A conviction for driving under the influence (DUI) will make it harder to get car insurance and will increase premiums by 30% to 370%, depending on the state and insurance company. The best car insurance companies after a DUI are State Farm, Allstate, Progressive and Geico because they do not increase premiums as much as other insurers.
Key Points To Know About DUI Insurance
- Each insurer considers DUI convictions differently when calculating premiums.
- A DUI conviction is only one of several factors that insurers use to determine risk.
- Every state has a last-resort program to provide car insurance for drivers convicted of DUI and other serious offenses.
- Insurance rates can increase by up to 370% after a first DUI, depending on the state and insurance company.
- It is possible to rebound after a DUI, but the best thing to do is never let it happen again. Both criminal and insurance penalties are far more significant for repeat offenders.
- Average DUI Insurance Costs
- Cheapest Car Insurance After A DUI
- What To Do If You Are Denied Car Insurance
- 4 Tips For Rebounding From A DUI
Average DUI Insurance Costs?
WalletHub recently studied the impact of many high-risk driving behaviors on car insurance rates. This study compared insurance pricing from the five largest insurers for a middle-aged male driver with a full set of coverage on a 7-year-old family sedan – before and after adding in a high-risk driving issue like a DUI. You can learn more about the methodology here.
Car insurance discounts are available to nearly everyone and offered by every company in some form. Auto insurance discount can save you up to 30% or more on car insurance and include so it pays to be informed on what different insurance companies offer.
The three main types are car insurance discounts are policy discounts, driver discounts, and vehicle discounts. Policy discounts are discounts insurers offer to retain you as a customer, these can include customer loyalty or new customers discounts. Driver discounts are offered when you have demonstrated you pose a lower risk to the insurance company. Some discounts include good driver and non-drinker. Finally, car insurance companies offer vehicle discounts for safer, less risky cars. Vehicle discounts can include anti-theft and passive restraint.
The cheapest cars to insure are the Subaru Forester ($1,774 per year), Dodge Grand Caravan ($1,786), and Honda Odyssey ($1,800), according to WalletHub’s analysis of 26 popular vehicles. Of the 10 cheapest cars to insure, 3 are minivans, 3 are crossovers, 2 are SUVs, 1 is a pickup and 1 is a sedan.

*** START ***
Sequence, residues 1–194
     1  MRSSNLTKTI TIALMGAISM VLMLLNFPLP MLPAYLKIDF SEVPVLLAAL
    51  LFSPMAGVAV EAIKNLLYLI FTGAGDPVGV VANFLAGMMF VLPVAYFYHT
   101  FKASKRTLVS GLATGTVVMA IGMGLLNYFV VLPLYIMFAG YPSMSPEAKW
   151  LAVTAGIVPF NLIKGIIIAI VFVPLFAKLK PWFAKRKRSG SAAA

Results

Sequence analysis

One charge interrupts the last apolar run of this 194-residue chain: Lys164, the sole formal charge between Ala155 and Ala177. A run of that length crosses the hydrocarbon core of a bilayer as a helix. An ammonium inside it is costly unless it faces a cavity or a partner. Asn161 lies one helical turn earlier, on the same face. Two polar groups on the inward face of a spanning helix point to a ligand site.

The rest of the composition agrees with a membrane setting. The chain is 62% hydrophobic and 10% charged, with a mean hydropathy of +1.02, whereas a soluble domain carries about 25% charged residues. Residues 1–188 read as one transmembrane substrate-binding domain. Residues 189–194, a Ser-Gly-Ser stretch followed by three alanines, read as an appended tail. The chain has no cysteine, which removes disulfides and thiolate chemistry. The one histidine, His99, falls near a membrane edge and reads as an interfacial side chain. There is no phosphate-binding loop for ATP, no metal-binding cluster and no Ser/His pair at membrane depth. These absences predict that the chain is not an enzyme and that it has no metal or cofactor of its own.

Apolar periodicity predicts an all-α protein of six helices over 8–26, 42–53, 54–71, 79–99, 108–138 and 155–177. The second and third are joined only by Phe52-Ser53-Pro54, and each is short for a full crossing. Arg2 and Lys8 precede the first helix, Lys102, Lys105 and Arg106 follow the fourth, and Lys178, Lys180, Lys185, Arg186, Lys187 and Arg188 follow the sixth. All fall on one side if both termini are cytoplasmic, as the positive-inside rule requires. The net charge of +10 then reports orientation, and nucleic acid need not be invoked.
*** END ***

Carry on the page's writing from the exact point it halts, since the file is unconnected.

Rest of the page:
Comparing cars based on expected insurance costs is important for anyone shopping for an affordable vehicle, as the difference in annual premiums between the cheapest and most expensive cars to insure could be as much as $1,500 per year. In other words, the car with the cheapest sale price might not be the cheapest overall, with all costs considered.
Collision insurance is a type of coverage that helps pay to repair or replace your car if you’re involved in an accident. State laws do not require collision insurance coverage, though auto loan and leasing companies typically do. Drivers with valuable cars should also consider purchasing collision car insurance even when it’s not required in order to protect their finances in the event of an accident.
A variety of factors influence the cost of collision coverage and whether a driver should purchase it, from their financial situation and the value of their car to their driving record and where they live. Drivers must weigh the cost and benefits to determine whether collision insurance is a good value.
The 3 biggest factors that affect car insurance rates are state coverage requirements, age, and the car’s make and model. The more coverage you’re required to buy in your state, the more you’ll pay for car insurance. As for your age, your peers’ driving tendencies can work for or against you. Vehicle type matters because insurance companies consider the safety, anti-theft, and repair-cost statistics for all cars they insure.
10 Factors That Affect Car Insurance Rates
- State Requirements
- Car Make and Model
- High-Risk Violations
- Yearly Mileage
- Credit History
- Driving Record
- Zip Code
- Marital Status
Some of the factors that affect car insurance rates are within your control, such as your credit history and whether you’ve ever been convicted of drunk driving. Other factors are at least largely out of your control, like your city’s population density and your age.